Undocumented and unafraid


Karen Patron, student trustee, is an undocumented student at Cerritos College. Patron is apart of the DREAM club, a club for undocumented students that helps them succeed. Photo credit: David Jenkins

David Jenkins

Here at Cerritos College, there is a strong embracement of diversity, not just in ideas but in people. There is a wide range of people with multi-ethnic background and multi-racial as well.

There is however, one set of students that stand out, the DREAM club. A club comprised of a group of students who lack citizenship and attend Cerritos College.

One of these individuals who is apart of the DREAM club is Student Trustee Karen F. Patron.

Patron was born in in the capital of Baja California, Mexicaliand came to the United States as a child. She attended Lakewood high school and upon graduating began to attend Cerritos College.

Patron speaks of her childhood here in the U.S, she says that she was very open about being undocumented as a child.

Proud and Unafraid

“I always knew that I was undocumented and as a kid I was never afraid to tell anybody, and my mom being a Hispanic she would say; ‘you can’t tell anybody, if you tell them they’re going to deport us.’ And my thing is that I was never shy about it. To me it was always like ‘yeah! My parents are immigrants!’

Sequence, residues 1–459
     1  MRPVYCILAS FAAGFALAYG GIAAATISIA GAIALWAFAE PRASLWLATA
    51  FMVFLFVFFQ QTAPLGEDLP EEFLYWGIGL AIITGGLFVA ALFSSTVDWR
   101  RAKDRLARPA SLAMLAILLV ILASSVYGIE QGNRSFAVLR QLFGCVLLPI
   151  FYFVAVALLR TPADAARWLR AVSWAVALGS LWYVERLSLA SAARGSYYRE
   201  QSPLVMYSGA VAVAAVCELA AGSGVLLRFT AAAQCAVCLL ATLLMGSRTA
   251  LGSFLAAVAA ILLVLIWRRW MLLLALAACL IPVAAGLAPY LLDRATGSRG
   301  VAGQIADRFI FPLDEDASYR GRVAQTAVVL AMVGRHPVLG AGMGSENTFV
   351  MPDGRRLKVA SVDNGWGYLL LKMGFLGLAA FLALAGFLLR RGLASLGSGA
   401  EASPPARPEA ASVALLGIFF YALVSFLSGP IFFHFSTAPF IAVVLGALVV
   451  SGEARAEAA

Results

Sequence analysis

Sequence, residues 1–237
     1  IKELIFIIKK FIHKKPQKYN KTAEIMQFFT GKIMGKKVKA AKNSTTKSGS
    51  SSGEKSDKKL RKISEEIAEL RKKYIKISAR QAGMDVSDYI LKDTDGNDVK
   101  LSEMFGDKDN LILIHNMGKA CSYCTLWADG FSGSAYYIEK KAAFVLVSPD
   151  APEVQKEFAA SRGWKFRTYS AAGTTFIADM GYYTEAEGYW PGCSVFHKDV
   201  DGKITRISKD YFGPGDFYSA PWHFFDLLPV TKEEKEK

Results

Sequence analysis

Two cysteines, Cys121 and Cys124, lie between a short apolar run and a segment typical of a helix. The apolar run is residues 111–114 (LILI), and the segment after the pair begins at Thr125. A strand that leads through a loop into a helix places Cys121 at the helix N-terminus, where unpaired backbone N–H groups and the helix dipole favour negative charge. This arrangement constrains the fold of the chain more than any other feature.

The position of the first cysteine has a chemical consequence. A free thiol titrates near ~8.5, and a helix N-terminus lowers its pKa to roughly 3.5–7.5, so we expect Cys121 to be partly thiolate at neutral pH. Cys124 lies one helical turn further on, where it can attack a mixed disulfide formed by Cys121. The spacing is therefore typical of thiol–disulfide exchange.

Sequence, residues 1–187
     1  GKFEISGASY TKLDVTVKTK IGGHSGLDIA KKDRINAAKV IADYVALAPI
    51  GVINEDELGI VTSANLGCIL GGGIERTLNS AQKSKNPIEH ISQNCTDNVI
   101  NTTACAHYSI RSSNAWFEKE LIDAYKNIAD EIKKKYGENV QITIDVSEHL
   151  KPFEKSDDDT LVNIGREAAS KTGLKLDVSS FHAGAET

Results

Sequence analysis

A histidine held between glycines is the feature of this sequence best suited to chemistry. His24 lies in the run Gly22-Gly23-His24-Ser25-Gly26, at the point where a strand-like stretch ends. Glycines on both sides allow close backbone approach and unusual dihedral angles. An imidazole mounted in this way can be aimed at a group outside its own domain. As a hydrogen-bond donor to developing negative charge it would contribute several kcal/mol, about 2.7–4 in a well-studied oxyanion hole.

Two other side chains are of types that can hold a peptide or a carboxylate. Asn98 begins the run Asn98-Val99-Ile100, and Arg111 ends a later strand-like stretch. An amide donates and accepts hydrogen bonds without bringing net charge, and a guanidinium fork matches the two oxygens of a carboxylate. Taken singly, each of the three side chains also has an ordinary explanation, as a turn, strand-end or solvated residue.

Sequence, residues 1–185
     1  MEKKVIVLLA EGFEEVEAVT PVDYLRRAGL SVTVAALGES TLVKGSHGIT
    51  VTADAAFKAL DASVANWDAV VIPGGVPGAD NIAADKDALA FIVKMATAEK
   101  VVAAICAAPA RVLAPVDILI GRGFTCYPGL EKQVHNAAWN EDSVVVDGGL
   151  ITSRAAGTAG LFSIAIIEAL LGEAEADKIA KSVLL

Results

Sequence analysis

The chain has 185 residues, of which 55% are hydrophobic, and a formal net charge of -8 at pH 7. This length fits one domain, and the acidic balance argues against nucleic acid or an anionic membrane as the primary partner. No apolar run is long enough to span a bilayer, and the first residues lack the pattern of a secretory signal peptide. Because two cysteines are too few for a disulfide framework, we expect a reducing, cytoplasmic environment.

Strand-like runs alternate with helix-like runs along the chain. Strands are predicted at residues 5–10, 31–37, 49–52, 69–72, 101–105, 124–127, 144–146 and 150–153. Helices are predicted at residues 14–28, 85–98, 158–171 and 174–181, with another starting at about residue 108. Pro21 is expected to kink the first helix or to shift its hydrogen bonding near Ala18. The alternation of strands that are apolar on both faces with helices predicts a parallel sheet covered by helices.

“It was like an epic story, my mom came here through a visa with me and my dad crossed the borders with Los Coyotes, who are known to pass people through the borders. So to me it was like ‘Yeah! My dad did this, he jumped the border.’ As a kid it was like ‘Holy shit!’ So as a kid I was never shy about it and as a student I always got along with people, so people never judged me in a sense. We were all Hispanics where I went to school,” she said.

The confidence always seemed to reign in Patron’s life, this can be seen in the leadership role which she has obtained at Cerritos College.

Campus Senator, Victor Villaobos, who is a colleague of Patron’s and an ally towards the DREAM club also speaks of the confidence that comes from Patron.

“What attracted me to Karen or what I found in her that might be a good fit to part of student government as Trustee, when I asked her if she wanted to run, [it] was just her confidence and who she was [and] the way she spoke.

“I didn’t know her and just speaking to her at one of the nights at the conference I realized that she was someone who knew what she wanted. She knew that there was a way to get it or find a way to get it. She was also for the people around her, the DREAMERS and the whole student body. I saw someone who was confident and wanting to help those around her,” he stated.

Villaobos has known Patron for about a year now. He met her at an ASCC leadership conference.

Although, Patron was and is a confident individual there were times in high school when reality began to sink in about life after high school.